YAPHANK, N.Y. (CBSNewYork) -- Long Island police officials are cracking down on drivers under the influence this New Year's Eve.
Suffolk County police Deputy Commissioner Tim Sini and Chief of Department Stuart Cameron said the force will be actively increasing patrols, targeting DWI and DWAI activity on New Year's Eve and into the following day.
"We don't want to make arrests. We'd rather people just not drink and drive and everyone stay safe," Sini told WCBS 880.
Cameron said he encourages people to go out and celebrate the new year, but to plan ahead and stay safe during the holiday.
"What they should do, before they go out and celebrate, is if they plan to drink, to find a safe means to get home -- whether it's designating a driver or planning to take a taxi or lining up some kind of car service," Cameron told 1010 WINS.
Nassau County also announced it would be adding more police officers to patrol on New Year's Eve, to help crack down on drunken-driving offenses.
"There will be additional police patrols all around Nassau County, and chances are if you drive drunk at any point over New Year's Eve, you will be arrested," Nassau County Executive Edward Mangano said in a statement.
According to a statement released by the county, the Nassau County District Attorney's Office dedicated $100,000 to holiday DWI enforcement between Thanksgiving Eve and New Year's Day.
"It is appropriate to use DWI fine money and the funds seized from criminal activity to keep our families safe from the devastation that DWIs can bring," Acting District Attorney Madeline Singas said in a statement. "Hold your families close and be safe for the remainder of this holiday season, and be part of the solution by thinking ahead and choosing not to drive while impaired."
Officials said there were 26 DWI arrests in Nassau County over New Year's last year.
Meanwhile, Rep. Kathleen Rice is proposing legislation to mandate technology that could prevent drunken driving, CBS2's Tony Aiello reported.
The new technology in vehicles uses infrared light to quickly detect drunken drivers in less than a second, TV 10/55 Long Island Bureau Chief Richard Rose reported.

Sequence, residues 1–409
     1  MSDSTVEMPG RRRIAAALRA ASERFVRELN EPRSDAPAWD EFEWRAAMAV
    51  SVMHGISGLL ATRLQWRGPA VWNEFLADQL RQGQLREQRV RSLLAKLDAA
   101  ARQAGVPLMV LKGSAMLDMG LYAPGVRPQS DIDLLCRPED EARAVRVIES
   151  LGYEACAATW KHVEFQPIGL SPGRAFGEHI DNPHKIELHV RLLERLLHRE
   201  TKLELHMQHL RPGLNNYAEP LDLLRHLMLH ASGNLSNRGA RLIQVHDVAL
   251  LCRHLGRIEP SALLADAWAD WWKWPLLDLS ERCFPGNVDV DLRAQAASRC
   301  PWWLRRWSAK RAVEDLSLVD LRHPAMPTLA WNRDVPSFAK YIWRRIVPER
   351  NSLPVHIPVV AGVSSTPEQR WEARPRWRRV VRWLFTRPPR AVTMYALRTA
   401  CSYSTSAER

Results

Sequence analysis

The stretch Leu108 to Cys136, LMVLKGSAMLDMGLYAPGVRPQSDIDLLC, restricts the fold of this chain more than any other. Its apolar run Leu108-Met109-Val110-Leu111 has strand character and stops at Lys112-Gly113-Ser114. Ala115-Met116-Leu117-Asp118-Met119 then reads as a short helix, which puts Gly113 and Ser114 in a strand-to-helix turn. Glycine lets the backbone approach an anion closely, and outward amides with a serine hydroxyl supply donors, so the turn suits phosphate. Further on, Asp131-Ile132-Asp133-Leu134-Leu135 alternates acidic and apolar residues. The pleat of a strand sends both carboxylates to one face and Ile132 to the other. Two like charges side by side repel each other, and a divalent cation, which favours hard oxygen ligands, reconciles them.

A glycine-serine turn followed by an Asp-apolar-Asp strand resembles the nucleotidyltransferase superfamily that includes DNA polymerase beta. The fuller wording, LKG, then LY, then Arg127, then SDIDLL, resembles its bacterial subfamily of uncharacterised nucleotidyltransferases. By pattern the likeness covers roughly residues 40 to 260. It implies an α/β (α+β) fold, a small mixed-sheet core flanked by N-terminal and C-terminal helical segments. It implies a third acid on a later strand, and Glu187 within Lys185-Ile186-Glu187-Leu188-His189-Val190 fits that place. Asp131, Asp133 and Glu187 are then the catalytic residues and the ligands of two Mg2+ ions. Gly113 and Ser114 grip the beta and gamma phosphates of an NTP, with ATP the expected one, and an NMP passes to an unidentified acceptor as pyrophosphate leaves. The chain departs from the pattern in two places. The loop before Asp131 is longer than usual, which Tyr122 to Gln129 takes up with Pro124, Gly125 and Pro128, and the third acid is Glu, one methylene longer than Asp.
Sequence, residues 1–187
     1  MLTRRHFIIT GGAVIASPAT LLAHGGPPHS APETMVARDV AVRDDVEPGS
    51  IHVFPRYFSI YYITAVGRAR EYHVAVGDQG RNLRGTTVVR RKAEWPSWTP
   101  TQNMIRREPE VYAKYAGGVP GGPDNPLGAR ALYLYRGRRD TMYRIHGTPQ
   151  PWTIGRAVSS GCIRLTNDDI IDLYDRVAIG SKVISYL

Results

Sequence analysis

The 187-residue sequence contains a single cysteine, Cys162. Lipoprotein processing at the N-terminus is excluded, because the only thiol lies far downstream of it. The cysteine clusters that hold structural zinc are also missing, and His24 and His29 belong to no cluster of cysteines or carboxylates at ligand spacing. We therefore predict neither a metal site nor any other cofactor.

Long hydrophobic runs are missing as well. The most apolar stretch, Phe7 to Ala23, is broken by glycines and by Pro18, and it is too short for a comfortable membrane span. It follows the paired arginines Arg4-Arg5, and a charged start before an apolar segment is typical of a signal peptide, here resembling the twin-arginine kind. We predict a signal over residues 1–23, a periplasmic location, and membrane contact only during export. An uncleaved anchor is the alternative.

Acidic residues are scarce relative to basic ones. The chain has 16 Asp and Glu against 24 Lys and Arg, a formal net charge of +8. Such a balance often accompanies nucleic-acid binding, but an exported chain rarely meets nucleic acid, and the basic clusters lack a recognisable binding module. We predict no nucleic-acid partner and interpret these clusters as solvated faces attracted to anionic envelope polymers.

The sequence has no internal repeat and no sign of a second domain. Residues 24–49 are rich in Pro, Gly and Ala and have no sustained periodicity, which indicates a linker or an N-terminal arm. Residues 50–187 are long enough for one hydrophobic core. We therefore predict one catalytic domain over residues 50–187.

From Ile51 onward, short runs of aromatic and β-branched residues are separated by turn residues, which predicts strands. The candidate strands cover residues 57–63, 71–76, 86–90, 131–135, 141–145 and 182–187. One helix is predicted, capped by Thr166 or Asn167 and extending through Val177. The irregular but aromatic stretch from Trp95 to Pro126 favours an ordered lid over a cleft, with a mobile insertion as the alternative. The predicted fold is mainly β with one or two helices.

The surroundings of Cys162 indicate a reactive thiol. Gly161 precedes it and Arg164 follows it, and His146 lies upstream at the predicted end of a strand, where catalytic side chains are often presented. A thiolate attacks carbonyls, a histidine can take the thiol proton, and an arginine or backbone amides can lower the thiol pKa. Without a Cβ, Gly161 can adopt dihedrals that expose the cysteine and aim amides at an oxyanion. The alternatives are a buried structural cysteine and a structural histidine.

"Sensors will measure your normal breathing and the touch of your fingertips, and if your blood alcohol content is above the legal limit, the car won't start," Rice explained.
The Long Island Democrat's bill would provide $176 million to perfect the technology and require it in all vehicles within 10 years.
Rice said the prototype system uses the blood alcohol standard of 0.08 for most drivers, but it can be programmed for zero tolerance for drivers under the age of 21.
"It's going to keep drunk drivers off the road, and it's going to save lives," Rice said.
The American Beverage Institute is already lobbying against the mandate, arguing moderate and social drinkers would be penalized while prices of new vehicles would be raised.
Mothers Against Drunk Driving is promising to lead the fight to require the technology when Congress recovenes.
"The naysayers (say) it's going to cost too much money," said Marge Lee of DEDICATEDD -- Drive Educated Drive Informed Commit and Totally End Drunk Driving. "Yeah? How much would you pay to stop somebody you love from being killed?"
Susan Ciano, of Farmingdale, also supports Rice's proposal. Her husband, Glen, a Suffolk County cop, was killed by a drunken driver in 2009.
"I just know in my heart how much I hurt and how much it hurt me for me to tell my children that their father wasn't coming home," she said.
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